Please see the full articles for a complete tutorial.

403 on an Image or File

Following on from the above section, images or files may sometimes return a 403 for a seemingly unknown reason.

These can be difficult to troubleshoot because it’s really not obvious what the cause is, however, this is almost certainly either the 7G firewall.

A couple of examples to illustrate this are images/files that contain either the word “Specialist” or the word “Conference”.

The reason these get flagged are due to the word conference containing “conf” (which is a file name extension), and specialist containing the name of a commonly spammed pharmaceutical.

The quickest solution is to rename the file, or to edit out that specific line or word in the firewall. Our documentation has details how to do this here:

Using the vCanopy 7G Web Application Firewall

2. Caching and Nonces

The second most common issue outside of a firewall rule being is broken is where caching is interfering with a form (such as a contact form, or payment gateway form). Here, the form uses what’s called a “nonce” (a security token which is a number or random string used only once), which exists for a set period of time (12 hours is common) after which it changes to something new. Once change occurs, the cache may serve the outdated nonce and this results in an error.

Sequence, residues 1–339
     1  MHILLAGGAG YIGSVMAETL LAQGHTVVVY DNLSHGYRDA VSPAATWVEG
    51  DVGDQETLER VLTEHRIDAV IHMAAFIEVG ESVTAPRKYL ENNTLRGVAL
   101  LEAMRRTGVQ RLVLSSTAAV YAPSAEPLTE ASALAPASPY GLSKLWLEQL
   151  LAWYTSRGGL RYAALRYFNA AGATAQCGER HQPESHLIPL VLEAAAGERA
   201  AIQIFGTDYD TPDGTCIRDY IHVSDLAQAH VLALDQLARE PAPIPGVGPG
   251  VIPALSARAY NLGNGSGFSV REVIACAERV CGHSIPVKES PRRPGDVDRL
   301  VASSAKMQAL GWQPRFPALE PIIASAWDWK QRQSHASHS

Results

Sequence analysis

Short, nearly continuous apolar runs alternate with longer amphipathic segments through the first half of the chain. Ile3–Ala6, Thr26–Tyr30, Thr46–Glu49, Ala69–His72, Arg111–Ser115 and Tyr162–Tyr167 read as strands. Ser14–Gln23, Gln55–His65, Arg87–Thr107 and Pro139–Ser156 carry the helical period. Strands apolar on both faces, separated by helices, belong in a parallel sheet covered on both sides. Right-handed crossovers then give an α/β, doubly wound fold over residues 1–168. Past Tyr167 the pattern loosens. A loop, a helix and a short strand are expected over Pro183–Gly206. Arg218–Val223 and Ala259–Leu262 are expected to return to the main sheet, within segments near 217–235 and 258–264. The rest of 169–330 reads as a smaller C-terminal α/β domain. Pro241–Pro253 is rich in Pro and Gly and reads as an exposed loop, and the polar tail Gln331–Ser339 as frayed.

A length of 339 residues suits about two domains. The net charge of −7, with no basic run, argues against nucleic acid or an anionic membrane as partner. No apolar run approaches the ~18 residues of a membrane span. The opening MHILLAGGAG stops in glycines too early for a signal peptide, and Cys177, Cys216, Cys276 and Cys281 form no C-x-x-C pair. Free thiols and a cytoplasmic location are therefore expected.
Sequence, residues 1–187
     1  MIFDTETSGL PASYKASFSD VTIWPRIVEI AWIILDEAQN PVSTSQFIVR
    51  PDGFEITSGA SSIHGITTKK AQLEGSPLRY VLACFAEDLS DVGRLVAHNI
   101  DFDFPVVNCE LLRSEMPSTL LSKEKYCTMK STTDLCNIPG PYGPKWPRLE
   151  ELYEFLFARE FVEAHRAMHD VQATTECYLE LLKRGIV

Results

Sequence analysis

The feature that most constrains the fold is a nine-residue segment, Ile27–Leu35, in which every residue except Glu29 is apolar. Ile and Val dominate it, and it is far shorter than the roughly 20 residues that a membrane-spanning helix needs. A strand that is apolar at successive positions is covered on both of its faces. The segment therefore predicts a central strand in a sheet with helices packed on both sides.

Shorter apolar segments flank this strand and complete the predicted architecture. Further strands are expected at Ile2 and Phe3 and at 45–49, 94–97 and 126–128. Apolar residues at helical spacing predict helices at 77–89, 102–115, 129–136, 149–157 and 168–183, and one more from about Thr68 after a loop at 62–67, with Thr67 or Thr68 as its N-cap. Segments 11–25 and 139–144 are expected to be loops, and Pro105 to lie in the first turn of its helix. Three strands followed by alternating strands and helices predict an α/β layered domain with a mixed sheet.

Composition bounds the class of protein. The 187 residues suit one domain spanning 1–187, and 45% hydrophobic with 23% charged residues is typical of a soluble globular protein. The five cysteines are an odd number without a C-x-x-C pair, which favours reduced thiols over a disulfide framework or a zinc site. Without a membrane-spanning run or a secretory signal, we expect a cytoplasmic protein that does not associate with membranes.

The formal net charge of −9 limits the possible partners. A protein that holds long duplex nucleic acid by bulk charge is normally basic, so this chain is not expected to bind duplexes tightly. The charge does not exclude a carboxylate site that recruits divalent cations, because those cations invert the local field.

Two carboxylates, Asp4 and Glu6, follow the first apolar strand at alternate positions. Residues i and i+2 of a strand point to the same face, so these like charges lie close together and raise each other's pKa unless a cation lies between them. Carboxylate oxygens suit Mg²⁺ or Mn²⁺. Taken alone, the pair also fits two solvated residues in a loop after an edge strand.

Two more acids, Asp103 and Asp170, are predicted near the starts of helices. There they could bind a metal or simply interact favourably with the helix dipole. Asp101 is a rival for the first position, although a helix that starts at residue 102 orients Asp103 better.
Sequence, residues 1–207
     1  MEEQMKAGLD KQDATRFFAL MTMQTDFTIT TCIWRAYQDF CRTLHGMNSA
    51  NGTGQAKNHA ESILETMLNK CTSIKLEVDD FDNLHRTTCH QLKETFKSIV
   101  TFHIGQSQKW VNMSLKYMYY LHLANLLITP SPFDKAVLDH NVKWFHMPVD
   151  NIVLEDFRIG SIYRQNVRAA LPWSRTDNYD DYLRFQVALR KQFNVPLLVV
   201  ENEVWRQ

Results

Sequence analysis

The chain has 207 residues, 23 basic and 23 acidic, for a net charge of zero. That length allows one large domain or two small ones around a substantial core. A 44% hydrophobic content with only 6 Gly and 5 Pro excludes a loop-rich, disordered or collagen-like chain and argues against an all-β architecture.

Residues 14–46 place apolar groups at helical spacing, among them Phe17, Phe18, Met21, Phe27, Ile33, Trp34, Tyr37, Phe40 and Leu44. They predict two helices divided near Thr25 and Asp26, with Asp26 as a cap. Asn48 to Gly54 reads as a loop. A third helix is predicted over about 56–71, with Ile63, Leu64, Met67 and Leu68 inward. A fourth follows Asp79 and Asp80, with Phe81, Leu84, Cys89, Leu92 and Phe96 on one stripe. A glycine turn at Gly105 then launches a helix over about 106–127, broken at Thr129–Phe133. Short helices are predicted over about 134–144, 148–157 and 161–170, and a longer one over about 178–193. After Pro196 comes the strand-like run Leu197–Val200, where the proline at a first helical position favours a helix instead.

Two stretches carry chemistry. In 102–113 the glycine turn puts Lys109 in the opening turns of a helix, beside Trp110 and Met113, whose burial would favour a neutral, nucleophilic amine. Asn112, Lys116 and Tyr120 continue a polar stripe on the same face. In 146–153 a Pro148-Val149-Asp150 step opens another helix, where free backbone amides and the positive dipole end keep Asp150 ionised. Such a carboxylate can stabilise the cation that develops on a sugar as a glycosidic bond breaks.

If you have a form or any functionality that makes use of a nonce, these can break and return 403 errors if the cache isn’t cleared once the nonce expires.

In many cases, nonces last 12-24 hours. For example, the Gravity forms payment gateway has a 12-hour nonce and can result in 403 errors if cached for over 12 hours.

If clearing the cache allows your functionality to begin operating correctly again, this is a caching issue.

Plugins we know of that may experience cache related issues are:

  1. Gravity Forms Payments
  2. Divi Forms
  3. Caldera Forms

In these cases, there are a couple of different solutions.


If you exclude the page from the cache, the cache will not interfere with the nonce and all forms will operate as normal.

Please see the following guide on how to exclude a page from your website’s cache (Nginx only):

Exclude a page from server caching


If you’re using Redis Page Caching, the default TTL is 30 days. If you’re experiencing nonce related form failures, you can reduce the cache time to avoid these in the future.

This requires running a single GP-CLI command. To do so, you will need to SSH into your server. Please see the following guides to get started:

Step 1. Generate your SSH Key

Step 2. Add your SSH Key to vCanopy (also see Add default SSH Keys)

Step 3. Connect to your server by SSH as Root user (we like and use Termius)

The command for altering the default caching TTL is as follows:

gp stack nginx redis -site-cache-valid {accepted.value} {site.url}

Run the following command to reduce cache time to 6 hours (replacing site.url with your domain name):

gp stack nginx redis -site-cache-valid 21600 site.url

The time length has to be entered in seconds. In this case, 6 hours = 21600 seconds.

For 10 hours, run the following:

gp stack nginx redis -site-cache-valid 36000 site.url

For more details, please see this Redis Page caching section in the Configure Nginx article: